We are interested in receiving feedback: What did you use and enjoy? What services would you be most distressed to give up if the Society could not continue due to lack of volunteers?

Please contact us by e-mailing deepriverhorticulturalsociety@gmail.com

Like Us On Facebook Deep River and Area Horticultural Society or leave a phone message at 613-584-3499.

Like many local organizations, we have many members who enjoy our services, but we are currently short of volunteers to assist in running them. It is our goal to continue to operate but we need to take a hard look at our ambitious 2017 goals. We invite people to come to a special open meeting to set the future direction of the Society.

The special meeting will be held on:

Wednesday, October 19 @ 7 p.m. in the Program Room, W.B. Lewis Library

Thank you for our support.

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Chokecherry Wine

Another Goodie from the Past!

Getting wine from your own backyard is rewarding and satisfying. Whether you have apple trees or rose bushes in your backyard you can get great satisfaction out of turning the plantings into a refreshing wine you can truly call your own. The internet is a great place to search for recipes about turning just about anything you can grow into wine. You will need a few basic things in order to keep things hygienic and safe. To start with a clean food grade plastic bucket to be used as a primary fermentor and a glass or plastic carboy to move the wine into once the fermentation has slowed down a bit. I have found some basic food strainers and bowls of various sizes useful at different stages of producing my garden wines. The important thing is ensuring anything the wine comes in contact with is sanitized with bleach or a chlorine based detergent.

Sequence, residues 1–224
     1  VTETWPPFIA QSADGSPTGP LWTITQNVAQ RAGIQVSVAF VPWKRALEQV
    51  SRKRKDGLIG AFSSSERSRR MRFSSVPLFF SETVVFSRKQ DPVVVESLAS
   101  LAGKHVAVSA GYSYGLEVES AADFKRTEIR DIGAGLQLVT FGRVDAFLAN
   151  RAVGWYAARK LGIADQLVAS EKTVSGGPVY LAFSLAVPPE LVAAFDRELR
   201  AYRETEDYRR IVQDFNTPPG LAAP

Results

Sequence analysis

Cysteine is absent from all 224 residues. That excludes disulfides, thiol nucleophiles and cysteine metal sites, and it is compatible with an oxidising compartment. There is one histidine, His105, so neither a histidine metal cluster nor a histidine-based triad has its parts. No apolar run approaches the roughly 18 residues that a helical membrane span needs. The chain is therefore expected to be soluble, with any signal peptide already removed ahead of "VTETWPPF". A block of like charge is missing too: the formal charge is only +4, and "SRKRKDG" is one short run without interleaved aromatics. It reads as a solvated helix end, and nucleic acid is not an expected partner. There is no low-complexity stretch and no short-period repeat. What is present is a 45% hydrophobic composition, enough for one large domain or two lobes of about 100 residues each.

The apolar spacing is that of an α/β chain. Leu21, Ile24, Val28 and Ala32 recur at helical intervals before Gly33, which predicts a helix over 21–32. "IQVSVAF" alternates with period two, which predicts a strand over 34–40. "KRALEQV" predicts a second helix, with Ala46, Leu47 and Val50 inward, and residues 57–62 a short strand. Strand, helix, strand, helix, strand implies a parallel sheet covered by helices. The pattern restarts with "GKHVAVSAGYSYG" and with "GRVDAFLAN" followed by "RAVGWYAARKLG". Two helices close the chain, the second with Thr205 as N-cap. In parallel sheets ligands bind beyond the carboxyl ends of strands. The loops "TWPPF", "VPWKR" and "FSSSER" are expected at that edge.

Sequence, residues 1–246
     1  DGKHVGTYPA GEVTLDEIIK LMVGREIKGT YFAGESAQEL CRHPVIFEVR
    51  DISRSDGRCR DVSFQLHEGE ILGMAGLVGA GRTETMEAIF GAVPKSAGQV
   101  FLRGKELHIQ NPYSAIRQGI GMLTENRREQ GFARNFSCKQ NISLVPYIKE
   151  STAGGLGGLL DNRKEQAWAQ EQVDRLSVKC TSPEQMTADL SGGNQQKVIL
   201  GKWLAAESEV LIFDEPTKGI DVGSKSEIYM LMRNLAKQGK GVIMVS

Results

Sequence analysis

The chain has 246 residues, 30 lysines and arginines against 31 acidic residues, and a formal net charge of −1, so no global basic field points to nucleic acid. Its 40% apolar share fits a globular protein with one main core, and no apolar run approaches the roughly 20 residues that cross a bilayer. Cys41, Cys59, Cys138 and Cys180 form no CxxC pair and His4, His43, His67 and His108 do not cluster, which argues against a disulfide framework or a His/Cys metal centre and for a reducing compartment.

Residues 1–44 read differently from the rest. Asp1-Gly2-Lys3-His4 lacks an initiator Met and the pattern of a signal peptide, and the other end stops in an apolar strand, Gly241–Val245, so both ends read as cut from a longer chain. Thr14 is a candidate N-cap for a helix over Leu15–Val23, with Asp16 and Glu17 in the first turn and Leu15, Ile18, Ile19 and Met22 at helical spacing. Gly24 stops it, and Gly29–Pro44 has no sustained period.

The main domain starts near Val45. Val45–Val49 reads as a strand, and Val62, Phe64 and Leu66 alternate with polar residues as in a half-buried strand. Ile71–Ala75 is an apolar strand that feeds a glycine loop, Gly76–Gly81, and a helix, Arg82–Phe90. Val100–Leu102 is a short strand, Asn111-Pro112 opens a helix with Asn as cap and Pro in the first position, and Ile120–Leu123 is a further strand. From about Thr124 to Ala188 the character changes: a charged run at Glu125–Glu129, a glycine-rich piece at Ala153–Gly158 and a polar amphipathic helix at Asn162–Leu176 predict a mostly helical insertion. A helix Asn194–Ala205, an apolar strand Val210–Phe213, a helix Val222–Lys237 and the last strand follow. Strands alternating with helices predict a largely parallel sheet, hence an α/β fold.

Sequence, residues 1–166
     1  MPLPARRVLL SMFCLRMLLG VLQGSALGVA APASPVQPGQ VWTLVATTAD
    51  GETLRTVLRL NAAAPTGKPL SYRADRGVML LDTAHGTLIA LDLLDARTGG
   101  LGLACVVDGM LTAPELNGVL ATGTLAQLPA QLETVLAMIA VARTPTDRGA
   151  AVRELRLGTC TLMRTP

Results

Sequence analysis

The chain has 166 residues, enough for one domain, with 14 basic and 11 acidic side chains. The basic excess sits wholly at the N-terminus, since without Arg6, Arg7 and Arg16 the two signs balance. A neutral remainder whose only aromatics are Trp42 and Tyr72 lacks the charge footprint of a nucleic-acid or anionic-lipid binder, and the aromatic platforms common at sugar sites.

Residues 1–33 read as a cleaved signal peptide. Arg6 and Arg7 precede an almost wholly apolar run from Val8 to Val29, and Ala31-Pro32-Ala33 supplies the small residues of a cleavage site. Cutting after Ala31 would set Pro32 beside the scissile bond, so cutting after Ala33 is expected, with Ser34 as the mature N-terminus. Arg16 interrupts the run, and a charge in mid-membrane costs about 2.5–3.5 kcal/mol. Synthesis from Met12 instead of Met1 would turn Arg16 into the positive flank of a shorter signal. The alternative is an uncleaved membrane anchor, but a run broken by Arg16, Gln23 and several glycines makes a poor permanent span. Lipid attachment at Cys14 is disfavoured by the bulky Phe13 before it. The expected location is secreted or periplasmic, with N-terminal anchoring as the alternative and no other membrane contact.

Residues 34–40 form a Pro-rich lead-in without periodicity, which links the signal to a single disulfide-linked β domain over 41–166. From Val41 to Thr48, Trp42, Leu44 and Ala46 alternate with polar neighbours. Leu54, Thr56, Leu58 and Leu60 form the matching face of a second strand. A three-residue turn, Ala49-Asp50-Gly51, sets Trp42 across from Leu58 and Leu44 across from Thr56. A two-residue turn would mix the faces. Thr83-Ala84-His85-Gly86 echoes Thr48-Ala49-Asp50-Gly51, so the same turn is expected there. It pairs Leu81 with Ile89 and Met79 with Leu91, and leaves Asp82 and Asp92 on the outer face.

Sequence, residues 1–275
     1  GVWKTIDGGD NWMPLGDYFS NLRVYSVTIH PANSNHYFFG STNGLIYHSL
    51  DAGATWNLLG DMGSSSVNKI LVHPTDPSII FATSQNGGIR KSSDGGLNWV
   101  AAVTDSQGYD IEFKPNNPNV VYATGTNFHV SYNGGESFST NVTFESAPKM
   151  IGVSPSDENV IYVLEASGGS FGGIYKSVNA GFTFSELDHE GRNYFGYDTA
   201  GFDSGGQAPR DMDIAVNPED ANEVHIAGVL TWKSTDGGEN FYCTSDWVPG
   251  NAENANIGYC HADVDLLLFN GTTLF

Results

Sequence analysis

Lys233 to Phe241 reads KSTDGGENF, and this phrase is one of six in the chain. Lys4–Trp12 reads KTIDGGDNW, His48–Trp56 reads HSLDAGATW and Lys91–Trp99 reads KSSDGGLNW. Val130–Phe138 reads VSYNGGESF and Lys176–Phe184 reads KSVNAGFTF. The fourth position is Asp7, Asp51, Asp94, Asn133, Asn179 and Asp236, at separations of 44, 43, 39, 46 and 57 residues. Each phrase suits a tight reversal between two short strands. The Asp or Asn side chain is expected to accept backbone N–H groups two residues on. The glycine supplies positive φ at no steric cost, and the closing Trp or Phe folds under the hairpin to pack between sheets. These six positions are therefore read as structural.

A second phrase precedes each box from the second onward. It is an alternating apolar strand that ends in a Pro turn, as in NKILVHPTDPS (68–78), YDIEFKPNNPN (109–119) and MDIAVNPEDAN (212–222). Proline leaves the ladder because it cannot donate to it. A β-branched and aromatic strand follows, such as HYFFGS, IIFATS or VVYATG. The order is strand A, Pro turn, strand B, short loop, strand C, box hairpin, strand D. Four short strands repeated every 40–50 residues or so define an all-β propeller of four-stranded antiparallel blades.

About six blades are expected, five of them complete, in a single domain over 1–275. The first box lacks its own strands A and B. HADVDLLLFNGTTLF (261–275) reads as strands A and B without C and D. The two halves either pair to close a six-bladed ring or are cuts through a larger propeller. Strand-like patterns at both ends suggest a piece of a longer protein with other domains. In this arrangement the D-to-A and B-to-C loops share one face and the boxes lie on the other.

They say that: patience is a virtue, and when it comes to making garden wines this couldn’t be truer. Let me give you an example of how true it is; in August, 2004 I picked about five pounds of Choke Cherries from a small tree at the end of my driveway which then produced 11 bottles of wine that I bottled in November 2004. I thought that I would try a bottle the following year around Canada Day and could hardly get it past my lips! To say it was a bit too soon is an understatement. Then at Christmas time in 2005 I brought a bottle to my father-in-law in Powassan, we opened it and I found it a bit better then before but I could not enjoy is because I had to drive home later on that night. At least that bottle didn’t get poured down the drain; my father-in-law was not one to ever let something go to waste. After that about every year or so I would build up the courage to try another bottle and it seemed to be getting better and better each time, I think once we poured one bottle into the roasting pan to help us cook a roast.